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James Burns – Let’s Go To Hell: Scattered Memories of the Butthole Surfers | reviews, news & interviews

James Burns – Let’s Go To Hell: Scattered Memories of the Butthole Surfers

James Burns – Let’s Go To Hell: Scattered Memories of the Butthole Surfers

The freakiest US rock band from the ‘80s finally has its story told

Butthole Surfers in full effect

During the ‘80s there was no US rock band that hoisted its freak flag higher than the Butthole Surfers, and certainly none that put out albums of the stature of Locust Abortion Technician and Hairway to Steven in such quick succession. Evolving from sloppy, lo-fi southern friend punk into experimental drug orgy art event and finally into fire-spitting hardcore psychedelic rockers – before, somewhat inevitably, being killed off by signing to a major record label – they were a visceral reaction to Ronald Reagan’s USA.

Even in a genre with a propensity to offend the squares, the Butthole Surfers managed to plumb new depths of depravity, both sonically and visually, under the influence of industrial volumes of psychedelic drugs. Nevertheless, by 1988 they had become one of the highest grossing independent touring bands in the USA and could command as much as $15,000 per performance. They even managed a Top 40 hit single with “Pepper” in 1996. Yet they have largely been relegated to being merely a footnote in the history of the grunge movement and of artistically less adventurous bands that reaped considerably more commercial success.

Interviews were usually drug-fuelled Dadaist ramblings that made little sense

Author James Burns is a Butthole Surfers enthusiast who has set out to change this state of affairs. However, it is not a quest that is eased by the fact that many of the Butthole Surfers’ records didn’t even include track listings, never mind additional band information, and that interviews with the music press were usually drug-fuelled Dadaist ramblings that made precious little sense.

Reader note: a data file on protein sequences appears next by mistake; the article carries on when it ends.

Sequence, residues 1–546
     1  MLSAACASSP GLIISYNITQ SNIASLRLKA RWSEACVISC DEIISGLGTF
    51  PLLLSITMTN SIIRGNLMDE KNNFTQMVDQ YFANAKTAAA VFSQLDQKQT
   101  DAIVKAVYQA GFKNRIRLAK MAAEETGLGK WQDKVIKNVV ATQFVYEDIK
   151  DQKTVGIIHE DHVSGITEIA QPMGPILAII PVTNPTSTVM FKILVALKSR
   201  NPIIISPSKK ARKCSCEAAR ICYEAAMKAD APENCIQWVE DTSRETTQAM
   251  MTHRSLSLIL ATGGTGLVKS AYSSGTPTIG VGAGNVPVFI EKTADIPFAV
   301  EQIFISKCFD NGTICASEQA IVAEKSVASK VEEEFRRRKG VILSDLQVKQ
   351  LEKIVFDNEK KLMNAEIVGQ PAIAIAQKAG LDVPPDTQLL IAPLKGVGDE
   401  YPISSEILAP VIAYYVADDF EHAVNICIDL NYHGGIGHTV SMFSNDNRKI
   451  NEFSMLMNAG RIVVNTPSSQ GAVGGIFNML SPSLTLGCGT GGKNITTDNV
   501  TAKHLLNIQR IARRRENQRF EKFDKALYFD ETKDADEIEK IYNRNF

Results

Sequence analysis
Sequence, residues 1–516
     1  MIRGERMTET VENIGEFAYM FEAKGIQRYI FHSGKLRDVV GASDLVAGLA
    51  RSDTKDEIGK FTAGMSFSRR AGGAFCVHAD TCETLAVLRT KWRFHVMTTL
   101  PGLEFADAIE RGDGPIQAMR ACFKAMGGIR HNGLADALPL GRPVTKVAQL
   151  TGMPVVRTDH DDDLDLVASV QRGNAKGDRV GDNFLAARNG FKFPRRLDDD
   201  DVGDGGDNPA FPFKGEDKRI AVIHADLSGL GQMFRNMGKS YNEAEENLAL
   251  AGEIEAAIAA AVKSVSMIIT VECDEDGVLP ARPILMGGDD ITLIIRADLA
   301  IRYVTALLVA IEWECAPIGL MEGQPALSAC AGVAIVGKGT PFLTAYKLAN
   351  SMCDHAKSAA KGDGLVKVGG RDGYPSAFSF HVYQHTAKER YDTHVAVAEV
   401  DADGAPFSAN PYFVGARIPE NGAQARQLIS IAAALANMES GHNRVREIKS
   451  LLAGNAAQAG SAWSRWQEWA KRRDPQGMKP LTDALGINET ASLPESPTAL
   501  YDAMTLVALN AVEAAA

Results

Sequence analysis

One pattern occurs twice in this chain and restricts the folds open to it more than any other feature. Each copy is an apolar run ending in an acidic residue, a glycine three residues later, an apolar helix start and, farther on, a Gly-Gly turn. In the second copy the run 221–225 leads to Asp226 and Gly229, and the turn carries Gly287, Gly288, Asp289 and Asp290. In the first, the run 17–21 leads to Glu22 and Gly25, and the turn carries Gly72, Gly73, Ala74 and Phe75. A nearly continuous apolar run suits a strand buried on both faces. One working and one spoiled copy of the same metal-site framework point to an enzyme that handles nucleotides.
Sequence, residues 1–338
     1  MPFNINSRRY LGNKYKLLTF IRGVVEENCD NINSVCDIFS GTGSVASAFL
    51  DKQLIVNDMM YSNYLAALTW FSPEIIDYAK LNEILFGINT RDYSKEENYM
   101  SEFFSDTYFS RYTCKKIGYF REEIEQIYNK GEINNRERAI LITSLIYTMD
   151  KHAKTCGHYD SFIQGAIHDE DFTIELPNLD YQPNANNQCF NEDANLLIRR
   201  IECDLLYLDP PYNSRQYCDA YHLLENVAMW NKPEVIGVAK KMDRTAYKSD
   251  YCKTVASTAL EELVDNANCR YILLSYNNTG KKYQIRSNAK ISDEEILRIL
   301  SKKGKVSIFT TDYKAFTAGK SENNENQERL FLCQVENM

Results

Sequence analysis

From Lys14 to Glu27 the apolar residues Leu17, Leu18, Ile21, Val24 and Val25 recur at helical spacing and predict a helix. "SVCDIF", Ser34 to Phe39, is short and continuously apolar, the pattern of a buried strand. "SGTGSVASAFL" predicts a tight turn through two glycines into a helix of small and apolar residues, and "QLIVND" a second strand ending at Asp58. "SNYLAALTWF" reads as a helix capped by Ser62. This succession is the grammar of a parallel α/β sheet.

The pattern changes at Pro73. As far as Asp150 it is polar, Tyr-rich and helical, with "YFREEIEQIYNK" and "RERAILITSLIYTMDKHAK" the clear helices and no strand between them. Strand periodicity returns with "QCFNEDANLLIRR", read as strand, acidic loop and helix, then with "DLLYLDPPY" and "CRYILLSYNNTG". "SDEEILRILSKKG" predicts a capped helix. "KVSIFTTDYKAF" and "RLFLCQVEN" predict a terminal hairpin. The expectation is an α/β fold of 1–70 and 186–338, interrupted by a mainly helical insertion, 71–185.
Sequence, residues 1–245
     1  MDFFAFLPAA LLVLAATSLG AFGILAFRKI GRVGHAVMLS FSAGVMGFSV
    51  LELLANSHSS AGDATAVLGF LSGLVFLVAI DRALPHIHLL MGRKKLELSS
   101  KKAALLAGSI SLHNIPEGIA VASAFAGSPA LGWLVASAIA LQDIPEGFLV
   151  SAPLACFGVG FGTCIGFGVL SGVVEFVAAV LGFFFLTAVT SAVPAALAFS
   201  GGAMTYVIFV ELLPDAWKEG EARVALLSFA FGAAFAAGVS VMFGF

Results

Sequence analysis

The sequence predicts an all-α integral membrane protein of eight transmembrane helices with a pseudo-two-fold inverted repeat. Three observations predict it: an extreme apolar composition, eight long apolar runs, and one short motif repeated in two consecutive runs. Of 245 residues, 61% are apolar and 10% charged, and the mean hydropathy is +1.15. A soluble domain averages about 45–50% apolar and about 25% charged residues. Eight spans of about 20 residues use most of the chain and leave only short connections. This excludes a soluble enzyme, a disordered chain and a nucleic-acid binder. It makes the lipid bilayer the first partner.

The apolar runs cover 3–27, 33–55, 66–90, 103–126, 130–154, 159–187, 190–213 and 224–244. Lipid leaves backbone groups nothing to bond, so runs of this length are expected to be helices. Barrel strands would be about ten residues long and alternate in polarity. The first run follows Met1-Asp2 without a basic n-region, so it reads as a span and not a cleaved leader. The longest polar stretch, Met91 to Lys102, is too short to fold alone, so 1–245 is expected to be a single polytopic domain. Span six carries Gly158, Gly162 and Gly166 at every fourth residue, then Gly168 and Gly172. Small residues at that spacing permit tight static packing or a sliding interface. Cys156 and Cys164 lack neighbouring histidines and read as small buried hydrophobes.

However, there are plenty of tales to be told and Burns touches on most of them, even if they are rarely told from the perspective of anyone outside the band or from a wider context. Indeed, Burns might have benefited from talking to a much broader range of individuals before sitting down to write this tale. He doesn’t seem to have spoken to family or non-musician friends to illuminate things. Nor does he seem to have spoken to wide-eyed front man Gibby Haynes (pictured below) or anyone from the record label that they were with for much of their career, Touch and Go.

Yet he still manages to tell a hysterical tale which features a wide array of weird and wonderful characters, including the band’s dancer/performance artist from their purple period in the late ‘80s, who went under the name of Ta-Da The Shit Lady, temporary drummer Kabbage, the band’s dog Mark Farmer and even Kurt Cobain. And that’s before Burns moves on to the Spinal Tap-like procession of at least 10 bass players who performed with the band, one of whom took all the band’s takings and disappeared into the Texan desert to set light to himself (he failed), while another fled to Canada and never returned to the USA.

In a sense though, the lasting legacy of the Butthole Surfers came from suing Touch and Go Records for artistic and financial control of their own material after they had moved to a major label. Needless to say, this got the band tarred as “sellouts” by the indie elite, but it set a precedent for artists to hold the rights to their own material, especially when entering a deal from a position of poverty and naivety with little leverage for negotiation. And what could be more punk rock than that?   

One bass player disappeared into the Texan desert to set light to himself (he failed), while another fled to Canada and never returned to the USA


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